The Telegram, published in St. John’s, Newfoundland, quoted the National Post’s John Ivison as ironically saying that facts don’t matter to those of us opposed to the east coast commercial hunt. “They have been replaced by popular delusion and the madness of crowds.”
I’m the last one to suggest that any trade policy will either satisfy all parties or display a consistency of intent, and it was pointed out in the WTO’s decision that the EU erred by allowing trade from the Inuit hunt in Greenland even though it is as “commercial” as the east coast one. The whole idea of exempting “native,” “aboriginal,” or “first nations” from restrictions that apply to “hunting” by folks of a paler hue of skin, or whose ancestors arrived on the scene a shorter time ago (say hundreds, as opposed to thousands, of years), seems inherently biased to me—like caring if someone’s ancestors arrived on the Mayflower, or by way of Ellis Island in the 1940s.
But, while the decision by the EU (supported by the WTO) is called “hypocritical” by commercial seal hunt apologists because there are not similar bans against animal products or practices that also involve cruelty to animals, it can also be seen for what it really is: a more progressive and aggressive approach to animal welfare than is to be found in Canada. While it may be comforting to pro-sealing factions to think that animal abuse in agriculture and the subsequent production of vast amounts of meat, leather, and dairy products are ignored by the humane movement, in fact, those abuses are being aggressively challenged worldwide, to varying degrees, and intently in western Europe (compared to Canada). Canadians may not be aware of it, but the Europeans are making significant strides in outlawing the cruelest animal agriculture and other practices. There are similar and profound challenges to animal abuses sanctioned by “tradition,” such as the production of foie gras, fox hunting, hare hunting, bullfighting, cosmetic and product testing research, trapping, and use of bird lime.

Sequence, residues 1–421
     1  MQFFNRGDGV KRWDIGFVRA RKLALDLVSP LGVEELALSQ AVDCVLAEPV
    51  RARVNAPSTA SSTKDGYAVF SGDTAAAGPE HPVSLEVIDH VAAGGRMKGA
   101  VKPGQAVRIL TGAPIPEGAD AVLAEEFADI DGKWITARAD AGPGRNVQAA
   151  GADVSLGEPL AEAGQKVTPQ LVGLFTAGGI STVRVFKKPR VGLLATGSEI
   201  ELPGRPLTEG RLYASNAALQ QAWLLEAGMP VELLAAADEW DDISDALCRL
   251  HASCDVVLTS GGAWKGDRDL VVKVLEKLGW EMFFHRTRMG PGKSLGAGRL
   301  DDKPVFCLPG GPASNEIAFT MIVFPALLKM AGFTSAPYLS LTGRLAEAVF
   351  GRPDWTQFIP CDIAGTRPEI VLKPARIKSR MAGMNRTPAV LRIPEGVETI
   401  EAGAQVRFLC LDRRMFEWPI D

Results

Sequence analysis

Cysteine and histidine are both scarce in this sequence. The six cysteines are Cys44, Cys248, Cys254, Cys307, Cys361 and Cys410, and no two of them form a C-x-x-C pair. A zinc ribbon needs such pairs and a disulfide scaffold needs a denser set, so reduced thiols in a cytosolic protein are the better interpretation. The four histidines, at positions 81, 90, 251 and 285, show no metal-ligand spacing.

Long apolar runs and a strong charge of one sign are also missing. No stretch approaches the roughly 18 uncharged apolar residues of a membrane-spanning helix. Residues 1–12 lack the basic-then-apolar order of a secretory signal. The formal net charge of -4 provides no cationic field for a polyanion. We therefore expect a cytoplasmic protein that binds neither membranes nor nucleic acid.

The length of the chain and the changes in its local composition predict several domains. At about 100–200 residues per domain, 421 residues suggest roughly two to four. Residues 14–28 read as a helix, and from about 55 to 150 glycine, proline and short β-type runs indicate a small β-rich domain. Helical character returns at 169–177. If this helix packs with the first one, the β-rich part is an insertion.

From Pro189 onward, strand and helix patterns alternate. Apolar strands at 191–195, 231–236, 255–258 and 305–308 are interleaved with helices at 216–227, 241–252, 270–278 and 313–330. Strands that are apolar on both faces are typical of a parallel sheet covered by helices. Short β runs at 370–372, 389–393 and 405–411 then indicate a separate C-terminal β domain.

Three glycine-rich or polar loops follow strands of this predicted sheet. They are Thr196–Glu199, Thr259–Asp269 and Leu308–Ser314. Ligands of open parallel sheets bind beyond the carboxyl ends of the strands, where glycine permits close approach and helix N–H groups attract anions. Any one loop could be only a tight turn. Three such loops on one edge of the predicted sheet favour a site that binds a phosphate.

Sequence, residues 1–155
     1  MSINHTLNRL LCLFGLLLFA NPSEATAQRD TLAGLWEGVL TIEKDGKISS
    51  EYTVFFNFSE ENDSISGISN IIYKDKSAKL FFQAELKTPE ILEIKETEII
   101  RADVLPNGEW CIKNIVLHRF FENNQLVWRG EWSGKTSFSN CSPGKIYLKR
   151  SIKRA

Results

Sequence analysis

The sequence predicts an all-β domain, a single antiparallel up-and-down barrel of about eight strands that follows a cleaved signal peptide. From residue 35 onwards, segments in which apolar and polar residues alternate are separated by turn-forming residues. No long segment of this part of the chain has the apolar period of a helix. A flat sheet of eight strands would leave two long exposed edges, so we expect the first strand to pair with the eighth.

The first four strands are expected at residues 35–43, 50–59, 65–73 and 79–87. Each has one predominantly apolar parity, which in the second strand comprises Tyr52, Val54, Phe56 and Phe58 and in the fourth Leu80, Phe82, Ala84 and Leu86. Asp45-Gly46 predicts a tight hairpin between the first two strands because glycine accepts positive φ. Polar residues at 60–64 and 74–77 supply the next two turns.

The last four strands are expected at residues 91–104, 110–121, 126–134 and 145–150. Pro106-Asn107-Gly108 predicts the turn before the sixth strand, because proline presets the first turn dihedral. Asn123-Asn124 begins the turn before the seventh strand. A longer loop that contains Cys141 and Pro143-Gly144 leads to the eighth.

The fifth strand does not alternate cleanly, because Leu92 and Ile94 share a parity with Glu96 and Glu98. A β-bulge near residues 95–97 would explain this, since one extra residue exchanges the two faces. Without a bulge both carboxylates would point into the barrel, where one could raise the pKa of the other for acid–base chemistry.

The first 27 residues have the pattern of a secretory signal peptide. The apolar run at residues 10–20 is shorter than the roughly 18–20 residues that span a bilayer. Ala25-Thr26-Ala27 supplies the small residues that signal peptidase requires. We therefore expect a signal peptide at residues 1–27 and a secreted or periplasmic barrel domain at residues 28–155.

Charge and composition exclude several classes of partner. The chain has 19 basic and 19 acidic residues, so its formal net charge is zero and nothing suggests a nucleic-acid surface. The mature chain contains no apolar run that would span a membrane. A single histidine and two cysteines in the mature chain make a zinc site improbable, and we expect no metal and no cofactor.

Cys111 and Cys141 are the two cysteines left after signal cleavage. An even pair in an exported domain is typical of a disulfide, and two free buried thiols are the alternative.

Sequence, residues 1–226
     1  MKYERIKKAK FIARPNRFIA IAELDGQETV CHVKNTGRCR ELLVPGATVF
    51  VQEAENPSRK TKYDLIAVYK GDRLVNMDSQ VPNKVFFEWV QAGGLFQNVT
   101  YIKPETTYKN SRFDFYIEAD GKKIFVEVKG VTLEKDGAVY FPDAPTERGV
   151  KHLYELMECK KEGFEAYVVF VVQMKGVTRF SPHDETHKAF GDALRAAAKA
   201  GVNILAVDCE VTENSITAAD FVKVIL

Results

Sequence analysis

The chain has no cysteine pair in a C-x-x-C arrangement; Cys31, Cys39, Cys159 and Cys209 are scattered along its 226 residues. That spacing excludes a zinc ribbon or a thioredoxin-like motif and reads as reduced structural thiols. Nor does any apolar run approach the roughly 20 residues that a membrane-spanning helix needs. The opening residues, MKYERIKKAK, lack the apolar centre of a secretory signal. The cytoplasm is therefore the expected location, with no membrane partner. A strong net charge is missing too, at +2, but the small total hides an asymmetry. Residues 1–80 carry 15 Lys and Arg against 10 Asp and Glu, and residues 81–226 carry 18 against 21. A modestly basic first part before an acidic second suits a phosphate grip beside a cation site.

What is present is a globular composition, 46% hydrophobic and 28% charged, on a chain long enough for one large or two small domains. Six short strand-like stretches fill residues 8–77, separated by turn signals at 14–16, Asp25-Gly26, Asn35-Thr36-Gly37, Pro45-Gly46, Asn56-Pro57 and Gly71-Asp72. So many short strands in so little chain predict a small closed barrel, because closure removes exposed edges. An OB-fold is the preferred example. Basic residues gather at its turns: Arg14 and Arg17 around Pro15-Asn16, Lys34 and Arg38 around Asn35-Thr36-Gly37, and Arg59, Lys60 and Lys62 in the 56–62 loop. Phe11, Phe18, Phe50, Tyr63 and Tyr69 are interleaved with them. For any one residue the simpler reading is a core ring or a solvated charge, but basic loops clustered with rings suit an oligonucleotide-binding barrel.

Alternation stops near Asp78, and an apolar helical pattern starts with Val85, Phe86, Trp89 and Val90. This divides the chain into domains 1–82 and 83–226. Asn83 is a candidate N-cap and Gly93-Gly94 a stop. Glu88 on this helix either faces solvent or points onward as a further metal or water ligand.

I understand that what The Telegram called “some nonsense about protecting ‘public morals’” is not as important to whomever wrote that as it is to others, but in this case, the “others” happen to be members of the EU: a collective unit representing millions of voters. They are ahead of Canada on humanitarian issues, just as they are on the issue of global climate change—something that is a far greater threat to the Canadian Inuit “sustenance” seal hunt than the WTO’s decision could ever be. The ringed seal, most commonly killed by Inuit for food, pelts, and other products, is already a threatened species. And, just as Canada does not want to demonstrate anything remotely like leadership on anything to do with the humane treatment of animals, it is even more regressive with regard to environmental issues generally, and global climate change in particular. A year and a half ago, Canada was ranked 58th out of 61 countries in terms of its policies and action on climate change.
If you can really look at the commercial seal hunt and find it an acceptable way to treat animals, fine; but most of us simply can’t do that.